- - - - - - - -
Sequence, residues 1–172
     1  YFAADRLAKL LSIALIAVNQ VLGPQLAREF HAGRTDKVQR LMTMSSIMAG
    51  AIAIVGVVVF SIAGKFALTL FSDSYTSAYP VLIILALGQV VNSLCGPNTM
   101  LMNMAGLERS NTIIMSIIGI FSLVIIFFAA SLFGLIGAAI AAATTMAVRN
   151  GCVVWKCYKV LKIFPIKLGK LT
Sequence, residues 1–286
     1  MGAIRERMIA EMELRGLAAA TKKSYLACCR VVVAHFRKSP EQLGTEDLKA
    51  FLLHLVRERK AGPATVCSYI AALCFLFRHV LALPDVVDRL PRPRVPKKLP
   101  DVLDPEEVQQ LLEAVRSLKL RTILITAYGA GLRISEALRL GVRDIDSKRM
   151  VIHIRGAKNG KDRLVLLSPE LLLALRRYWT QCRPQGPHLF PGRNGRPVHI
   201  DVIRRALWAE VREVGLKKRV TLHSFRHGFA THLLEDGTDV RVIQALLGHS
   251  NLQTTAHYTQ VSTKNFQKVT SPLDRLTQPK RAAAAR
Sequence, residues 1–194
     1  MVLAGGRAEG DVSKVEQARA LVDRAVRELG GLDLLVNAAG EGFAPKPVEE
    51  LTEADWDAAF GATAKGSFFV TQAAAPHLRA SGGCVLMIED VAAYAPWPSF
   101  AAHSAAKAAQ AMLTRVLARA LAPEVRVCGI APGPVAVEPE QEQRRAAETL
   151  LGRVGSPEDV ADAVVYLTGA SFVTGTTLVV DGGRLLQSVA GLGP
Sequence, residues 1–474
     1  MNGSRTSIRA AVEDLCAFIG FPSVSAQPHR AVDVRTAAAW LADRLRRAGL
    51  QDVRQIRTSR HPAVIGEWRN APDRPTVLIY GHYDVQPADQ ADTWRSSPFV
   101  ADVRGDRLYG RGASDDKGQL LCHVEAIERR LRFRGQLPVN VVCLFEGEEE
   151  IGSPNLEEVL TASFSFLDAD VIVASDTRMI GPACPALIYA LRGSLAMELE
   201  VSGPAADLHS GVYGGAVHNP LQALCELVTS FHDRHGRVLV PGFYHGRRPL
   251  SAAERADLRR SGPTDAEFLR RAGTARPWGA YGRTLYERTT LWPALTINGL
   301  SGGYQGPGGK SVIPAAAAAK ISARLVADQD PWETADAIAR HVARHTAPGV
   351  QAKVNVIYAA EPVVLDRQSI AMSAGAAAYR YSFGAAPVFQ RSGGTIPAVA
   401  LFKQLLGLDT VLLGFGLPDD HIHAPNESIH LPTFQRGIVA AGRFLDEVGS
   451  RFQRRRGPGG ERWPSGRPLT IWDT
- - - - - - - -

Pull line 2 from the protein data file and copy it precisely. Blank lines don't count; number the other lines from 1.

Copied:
     1  YFAADRLAKL LSIALIAVNQ VLGPQLAREF HAGRTDKVQR LMTMSSIMAG